The government has announced that it will permanently allow children from families with no recourse to public funds (NRPF) to access free school meals, in a victory for Marcus Rashford’s child poverty campaign.
Campaigners have said they are “tremendously happy” after children and families minister Will Quince revealed that a policy extending free school meals eligibility to children whose parents’ immigration status prevents them from accessing mainstream benefits would be made permanent.
On 6 April 2020, the government temporarily extended free school meals to children in some NRPF families as the coronavirus outbreak impacted schools.
Charities and campaigners, including England footballer Rashford, have since called for this to be made permanent. Ministers have been reviewing this for over a year, prompting accusations that they were “dragging their feet”.
NRPF is a condition applied to those staying in the UK on a temporary immigration status and who have not yet qualified for permanent residence in the UK, restricting their access to public funds. It also applies to people who have insecure or irregular immigration status.
In a parliamentary statement on Thursday, Mr Quince said he was “pleased” to announce the extension, adding that the change would “help to ensure that every child gets the best possible start and receives the right support, in the right place, at the right time”.
It remains unclear as to whether children who are affected by NRPF because their parents have insecure or irregular immigration status will benefit from this change.
The move was welcomed by campaigners. Shona Goudie, policy research manager for the Food Foundation, said she was “delighted” with the decision.
“Our young food ambassadors are particularly celebrating today, having campaigned for years for government to make this change, most recently with Marcus Rashford through his End Child Food Poverty campaign,” she said.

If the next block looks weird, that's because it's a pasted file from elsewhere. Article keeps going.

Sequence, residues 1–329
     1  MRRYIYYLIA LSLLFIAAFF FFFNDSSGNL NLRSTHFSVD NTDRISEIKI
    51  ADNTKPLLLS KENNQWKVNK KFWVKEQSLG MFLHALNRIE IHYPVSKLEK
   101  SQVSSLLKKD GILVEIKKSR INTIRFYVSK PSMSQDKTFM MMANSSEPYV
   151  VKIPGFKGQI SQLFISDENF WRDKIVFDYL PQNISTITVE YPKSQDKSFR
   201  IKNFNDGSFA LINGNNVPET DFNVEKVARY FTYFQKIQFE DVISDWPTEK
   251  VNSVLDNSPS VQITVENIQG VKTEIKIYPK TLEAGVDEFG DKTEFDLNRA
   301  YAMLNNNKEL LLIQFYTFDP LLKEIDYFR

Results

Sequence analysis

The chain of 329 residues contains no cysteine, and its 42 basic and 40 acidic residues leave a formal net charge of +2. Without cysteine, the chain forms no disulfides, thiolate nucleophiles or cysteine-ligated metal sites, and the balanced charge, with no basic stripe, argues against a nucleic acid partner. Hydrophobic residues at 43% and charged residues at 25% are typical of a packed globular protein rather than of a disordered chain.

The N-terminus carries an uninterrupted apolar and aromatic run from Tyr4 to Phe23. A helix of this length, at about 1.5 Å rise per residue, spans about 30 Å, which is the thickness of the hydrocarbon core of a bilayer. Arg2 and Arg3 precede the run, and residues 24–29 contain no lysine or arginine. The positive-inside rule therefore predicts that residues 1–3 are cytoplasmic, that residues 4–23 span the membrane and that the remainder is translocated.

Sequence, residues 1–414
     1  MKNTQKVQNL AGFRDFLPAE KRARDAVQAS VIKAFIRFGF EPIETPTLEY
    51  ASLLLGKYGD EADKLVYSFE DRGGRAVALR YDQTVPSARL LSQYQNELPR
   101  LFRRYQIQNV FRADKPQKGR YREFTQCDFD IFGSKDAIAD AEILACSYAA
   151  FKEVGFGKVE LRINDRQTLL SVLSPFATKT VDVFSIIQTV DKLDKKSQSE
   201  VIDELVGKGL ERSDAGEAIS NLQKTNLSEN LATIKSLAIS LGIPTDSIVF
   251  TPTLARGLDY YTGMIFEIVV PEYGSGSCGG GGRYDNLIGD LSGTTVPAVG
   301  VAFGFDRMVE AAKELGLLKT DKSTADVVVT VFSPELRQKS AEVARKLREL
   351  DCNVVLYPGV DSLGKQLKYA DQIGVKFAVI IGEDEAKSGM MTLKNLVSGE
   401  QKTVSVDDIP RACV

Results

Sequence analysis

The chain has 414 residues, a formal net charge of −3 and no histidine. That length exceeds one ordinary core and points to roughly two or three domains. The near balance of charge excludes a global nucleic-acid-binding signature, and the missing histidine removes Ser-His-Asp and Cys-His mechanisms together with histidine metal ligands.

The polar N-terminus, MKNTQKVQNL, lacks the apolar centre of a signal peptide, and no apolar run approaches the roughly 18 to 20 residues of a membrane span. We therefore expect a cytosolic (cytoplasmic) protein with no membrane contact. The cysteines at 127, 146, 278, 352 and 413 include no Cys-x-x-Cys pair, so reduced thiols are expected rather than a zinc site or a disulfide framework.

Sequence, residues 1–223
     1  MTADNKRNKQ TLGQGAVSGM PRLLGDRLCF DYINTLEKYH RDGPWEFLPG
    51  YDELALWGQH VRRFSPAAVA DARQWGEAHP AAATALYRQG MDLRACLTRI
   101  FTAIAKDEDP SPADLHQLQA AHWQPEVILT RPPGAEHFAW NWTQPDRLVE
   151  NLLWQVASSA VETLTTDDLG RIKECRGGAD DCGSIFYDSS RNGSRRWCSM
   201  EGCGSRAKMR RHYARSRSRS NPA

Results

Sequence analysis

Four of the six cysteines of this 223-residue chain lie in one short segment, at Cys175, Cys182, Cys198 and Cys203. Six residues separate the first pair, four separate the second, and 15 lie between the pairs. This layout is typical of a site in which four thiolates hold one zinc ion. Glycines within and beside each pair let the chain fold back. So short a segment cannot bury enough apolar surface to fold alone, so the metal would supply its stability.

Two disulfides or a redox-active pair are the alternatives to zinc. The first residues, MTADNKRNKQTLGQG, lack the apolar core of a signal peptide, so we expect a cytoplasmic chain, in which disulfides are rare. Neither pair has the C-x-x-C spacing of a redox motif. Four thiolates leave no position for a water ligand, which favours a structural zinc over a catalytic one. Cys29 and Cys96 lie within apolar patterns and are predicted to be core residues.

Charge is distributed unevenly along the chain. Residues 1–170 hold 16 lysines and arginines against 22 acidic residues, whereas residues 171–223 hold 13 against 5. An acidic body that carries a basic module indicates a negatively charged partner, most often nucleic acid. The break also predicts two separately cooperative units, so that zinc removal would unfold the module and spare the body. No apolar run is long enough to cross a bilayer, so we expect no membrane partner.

But she added: “There are many children at risk of food insecurity who are still missing out in the midst of the current cost-of-living crisis.”
Josephine Whitaker-Yilmaz, policy and public affairs manager at charity Praxis, said: “At a time when the cost of living is rising rapidly, this decision could not come at a better time for many of the families we work with.
“We would urge the department to urgently clarify whether children in families with insecure or irregular immigration status, who are amongst the most excluded in our society, will also benefit from this measure.”
A woman from the NRPF Action Group, a group of campaigners with lived experience of NRPF who are working to scrap the policy, said: “We are tremendously happy to hear today’s good news. This promising development gives us hope. It is so important to safeguard children.
“This is a step further on our quest: we are closer to ensuring that one of the most basic rights of children, to be well nourished, are being met.”
Azmina Siddique, policy and impact manager at the Children’s Society, said the extension had been a “vital lifeline” for many families throughout the pandemic.
“With the cost of living crisis looming and families facing impossible choices between basics like heating and eating, this extension will take some pressure off hard-working families,” she said.
“We would welcome clarification from the Department for Education about the lowering of eligibility thresholds for families outside London and also about whether undocumented families will benefit from these broader changes.”
The government did not respond to a request for clarification on this point.